Kathryn L. Ossenfort
Tufts University
Valence (psychology)PsychiatrySelection (linguistics)FeelingStressorDevelopmental psychologyAssociation (psychology)Stimulus (physiology)Pupillary responseNeurophysiologyEye movementPsychologyOlfactionCognitionVisual perceptionCognitive psychologyInteractive mediaPsychophysiologyDisengagement theoryDysfunctional familyOxytocinCognitive reappraisalDistractionCognitive appraisalAvolitionOdorAnhedoniaInternational Affective Picture SystemAsocialityPsychosisGazeTask (project management)MoodSchizophrenic PsychologyVisual attentionAge groupsReward valueYounger adultsGroup differencesProgressive ratioStress reactivityPsychological aspectsAge differencesAge relatedSelf-controlArousalElectroencephalographyAudiologyEye trackingEvent-related potentialClinical psychologySchizophrenia
Publications 11
#1Kathryn L. Ossenfort (NU: Northeastern University)H-Index: 4
#2Molly Sands (NU: Northeastern University)H-Index: 4
Last. Derek M. Isaacowitz (NU: Northeastern University)H-Index: 40
view all 3 authors...
Objectives: Most studies of emotion regulation across the lifespan have focused on how individuals manage their emotions during or after emotional events. However the current study examined how ant...
1 CitationsSource
Prior research indicates that individuals with schizophrenia (SZ) display emotion regulation abnormalities that are critically linked to increased symptom severity and poor functional outcome. However, processes contributing to the aberrant implementation of various strategies are unclear. The current study took a multimodal approach to identifying mechanisms underlying the impaired implementation of 2 strategies: reappraisal and distraction. Participants included 25 individuals with SZ and 25 h...
#1Kathryn L. Ossenfort (NU: Northeastern University)H-Index: 4
#2Julia A. Harris (NU: Northeastern University)H-Index: 2
Last. Derek M. Isaacowitz (NU: Northeastern University)H-Index: 40
view all 4 authors...
AbstractObjectives: Cognitive reappraisal is an emotion regulation strategy that involves the adaptive restructuring of one’s thoughts surrounding an emotionally evocative stimulus. Previous studie...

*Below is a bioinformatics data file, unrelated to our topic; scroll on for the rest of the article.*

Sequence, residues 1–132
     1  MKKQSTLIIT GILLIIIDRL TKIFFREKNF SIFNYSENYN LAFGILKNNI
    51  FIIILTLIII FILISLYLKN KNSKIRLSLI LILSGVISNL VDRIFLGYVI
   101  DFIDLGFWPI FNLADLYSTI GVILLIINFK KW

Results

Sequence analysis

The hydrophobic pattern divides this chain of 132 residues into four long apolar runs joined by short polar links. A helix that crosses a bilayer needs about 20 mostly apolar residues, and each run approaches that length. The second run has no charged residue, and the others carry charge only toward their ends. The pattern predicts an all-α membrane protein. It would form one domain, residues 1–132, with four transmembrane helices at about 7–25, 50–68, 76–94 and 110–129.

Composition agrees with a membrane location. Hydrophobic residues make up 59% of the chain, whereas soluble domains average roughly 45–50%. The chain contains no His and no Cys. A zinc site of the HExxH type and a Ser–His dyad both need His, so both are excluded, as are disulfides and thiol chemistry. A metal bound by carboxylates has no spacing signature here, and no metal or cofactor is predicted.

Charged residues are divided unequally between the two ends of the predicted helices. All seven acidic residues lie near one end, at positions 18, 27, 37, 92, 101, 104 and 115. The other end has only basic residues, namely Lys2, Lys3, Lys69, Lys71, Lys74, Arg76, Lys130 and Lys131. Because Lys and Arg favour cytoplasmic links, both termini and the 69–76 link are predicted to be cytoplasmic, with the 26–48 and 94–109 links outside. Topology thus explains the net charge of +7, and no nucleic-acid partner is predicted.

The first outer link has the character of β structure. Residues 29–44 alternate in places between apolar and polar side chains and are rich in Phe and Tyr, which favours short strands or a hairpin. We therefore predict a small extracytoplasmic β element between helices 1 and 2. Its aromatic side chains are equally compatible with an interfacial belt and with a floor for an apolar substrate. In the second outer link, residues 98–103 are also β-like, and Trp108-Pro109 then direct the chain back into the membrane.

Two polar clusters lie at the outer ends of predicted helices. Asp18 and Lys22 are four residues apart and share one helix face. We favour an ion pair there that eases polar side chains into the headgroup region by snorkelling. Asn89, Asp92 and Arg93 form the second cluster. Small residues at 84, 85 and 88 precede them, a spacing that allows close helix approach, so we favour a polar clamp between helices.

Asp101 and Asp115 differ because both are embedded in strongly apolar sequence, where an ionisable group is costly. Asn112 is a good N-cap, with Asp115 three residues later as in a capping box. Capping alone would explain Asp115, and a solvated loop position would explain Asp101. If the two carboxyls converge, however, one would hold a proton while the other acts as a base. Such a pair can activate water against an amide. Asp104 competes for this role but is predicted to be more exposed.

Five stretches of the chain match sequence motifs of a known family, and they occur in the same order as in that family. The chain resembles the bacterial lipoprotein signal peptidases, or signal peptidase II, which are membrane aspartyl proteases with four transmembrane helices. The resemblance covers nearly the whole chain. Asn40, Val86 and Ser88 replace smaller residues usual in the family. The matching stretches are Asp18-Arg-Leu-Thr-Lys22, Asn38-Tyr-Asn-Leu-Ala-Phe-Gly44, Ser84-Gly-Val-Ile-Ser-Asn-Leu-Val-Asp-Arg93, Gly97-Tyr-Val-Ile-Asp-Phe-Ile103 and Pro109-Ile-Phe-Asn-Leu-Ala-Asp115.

2 CitationsSource
#1Kathryn L. Ossenfort (NU: Northeastern University)H-Index: 4
#2Derek M. Isaacowitz (NU: Northeastern University)H-Index: 40
#1Kathryn L. Ossenfort (NU: Northeastern University)H-Index: 4
#2Derek M. Isaacowitz (NU: Northeastern University)H-Index: 40
Abstract. Research on age differences in media usage has shown that older adults are more likely than younger adults to select positive emotional content. Research on emotional aging has examined whether older adults also seek out positivity in the everyday situations they choose, resulting so far in mixed results. We investigated the emotional choices of different age groups using video games as a more interactive type of affect-laden stimuli. Participants made multiple selections from a group ...
3 CitationsSource
#1Derek M. Isaacowitz (NU: Northeastern University)H-Index: 40
#2Kathryn L. Ossenfort (NU: Northeastern University)H-Index: 4
Studies of age differences in affective experience tend to report positive age trends. Studies of attentional deployment also tend to find older individuals attending more to positive and less to negative stimuli. However, everyday entertainment choices seem to vary by age more in terms of meaningfulness and value than by valence. Relatively few age differences emerge in the valence of choices made in situation selection tasks, though older adults avoid arousal. Thus, both younger and older adul...
4 CitationsSource
#1Gregory P. Strauss (Binghamton University)H-Index: 41
#2Kathryn L. Ossenfort (Binghamton University)H-Index: 4
Last. Kayla M. Whearty (Binghamton University)H-Index: 3
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Multiple emotion regulation strategies have been identified and found to differ in their effectiveness at decreasing negative emotions. One reason for this might be that individual strategies are associated with differing levels of cognitive demand and require distinct patterns of visual attention to achieve their effects. In the current study, we tested this hypothesis in a sample of psychiatrically healthy participants (n = 25) who attempted to down-regulate negative emotion to photographs fro...
35 CitationsSource
#1Gregory P. Strauss (Binghamton University)H-Index: 41
#2Kayla M. Whearty (Binghamton University)H-Index: 3
Last. Katherine H. Frost (Binghamton University)H-Index: 6
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Abstract The current study examined whether effort-cost computation was associated with negative symptoms of schizophrenia (SZ). Participants included outpatients diagnosed with SZ (n = 27) and demographically matched healthy controls (n = 32) who completed a Progressive Ratio task that required incrementally greater amounts of physical effort to obtain monetary reward. Breakpoint, the point at which participants was no longer willing to exert effort for a certain reward value, was examined as a...
54 CitationsSource
#1Gregory P. Strauss (Binghamton University)H-Index: 41
#2Emily S. Kappenman (UC Davis: University of California, Davis)H-Index: 23
Last. James M. Gold (UMB: University of Maryland, Baltimore)H-Index: 102
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Previous research provides evidence that individuals with schizophrenia (SZ) have emotion regulation abnormalities, particularly when attempting to use reappraisal to decrease negative emotion. The current study extended this literature by examining the effectiveness of a different form of emotion regulation, directed attention, which has been shown to be effective at reducing negative emotion in healthy individuals. Participants included outpatients with SZ (n = 28) and healthy controls (CN: n ...
32 CitationsSource